from playing a role in creating successful solutions to continually changing puzzles.
Conversely, if teachers are expected to robotically implement outdated approaches,

especially when countless new challenges are arriving at their door, the frustration
can become unbearable.
Achieving Success in a Standards-Based System
In most jurisdictions standards-driven accountability systems have become the
norm. Although they differ somewhat from state to state and province to province,
fundamentally these standards-based systems have certain things in common.
Specifically, most education departments and ministries have declared that they
expect the standards to be rigorous and meaningful, and that they expect all
students to meet the standards at the mastery level.
The stakes in the standards movement are high. Students face consequences
regarding promotion and graduation. Teachers and schools face ridicule and loss of
funding if they fail to meet community expectations. Of course, none of that would
be problematic if we as a society knew with certainty how to achieve universal
student success. However, the reality is that no large system anywhere in the world
has ever been successful in getting every student to master a set of meaningful
objectives. If we accept the truth of that statement, then we need to acknowledge
the fact that achieving the goal of universal student mastery will not be easy. That
said, most people will agree it is a most noble endeavor in which to invest energy
and a worthy goal for any faculty to pursue.
The reality is that our public schools will not prevail with the challenges inherent in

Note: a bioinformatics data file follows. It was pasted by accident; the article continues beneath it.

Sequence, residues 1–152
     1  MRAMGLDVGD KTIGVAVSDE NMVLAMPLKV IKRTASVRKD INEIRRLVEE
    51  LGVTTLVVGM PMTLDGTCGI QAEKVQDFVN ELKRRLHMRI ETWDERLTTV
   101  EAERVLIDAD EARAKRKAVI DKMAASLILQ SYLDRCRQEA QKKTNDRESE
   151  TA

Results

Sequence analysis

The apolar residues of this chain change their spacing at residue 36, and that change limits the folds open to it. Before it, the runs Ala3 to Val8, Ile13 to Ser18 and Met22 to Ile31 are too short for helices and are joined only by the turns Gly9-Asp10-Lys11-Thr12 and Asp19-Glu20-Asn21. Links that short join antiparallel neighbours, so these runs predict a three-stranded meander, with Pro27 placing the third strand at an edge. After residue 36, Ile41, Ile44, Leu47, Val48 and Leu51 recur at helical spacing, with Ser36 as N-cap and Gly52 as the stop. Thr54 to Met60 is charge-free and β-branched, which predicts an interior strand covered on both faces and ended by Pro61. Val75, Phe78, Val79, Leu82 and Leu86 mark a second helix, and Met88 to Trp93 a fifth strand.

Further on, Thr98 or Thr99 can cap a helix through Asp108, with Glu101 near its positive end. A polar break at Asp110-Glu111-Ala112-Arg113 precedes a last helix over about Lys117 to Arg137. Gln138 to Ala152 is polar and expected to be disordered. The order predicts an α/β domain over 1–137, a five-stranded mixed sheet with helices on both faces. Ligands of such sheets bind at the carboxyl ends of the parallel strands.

the standards movement unless they encourage experimentation, inquiry, and
dialogue by those pioneers (the teachers) who are working toward meeting those
challenges. For this reason, it is imperative that these 21st century pioneers, our
classroom teachers, conduct the research on standards attainment themselves.
So the time is right for action research. The teachers, schools, and school systems
that seize this opportunity and begin investing in the power of inquiry will find that
they are re-creating the professional practice of education in their locale as a
meaningful and rewarding pursuit. Conversely, school systems that enter the 21st
century unwilling to invest in the wisdom of practice will likely find it increasingly
hard to fill their classrooms with enough teachers who are both capable of and
willing to tackle the challenges that lie ahead.
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Continuous Improvement Plan What is continuous improvement? Continuous


improvement is an ongoing effort to improve the quality of services and care
delivered by a service. Continuous improvement: takes into account the needs of
care recipients, and may involve them in improvement activities looks at
improvements in a systematic way to improve quality over time ranges in scale
from smaller programs to significant strategic initiatives.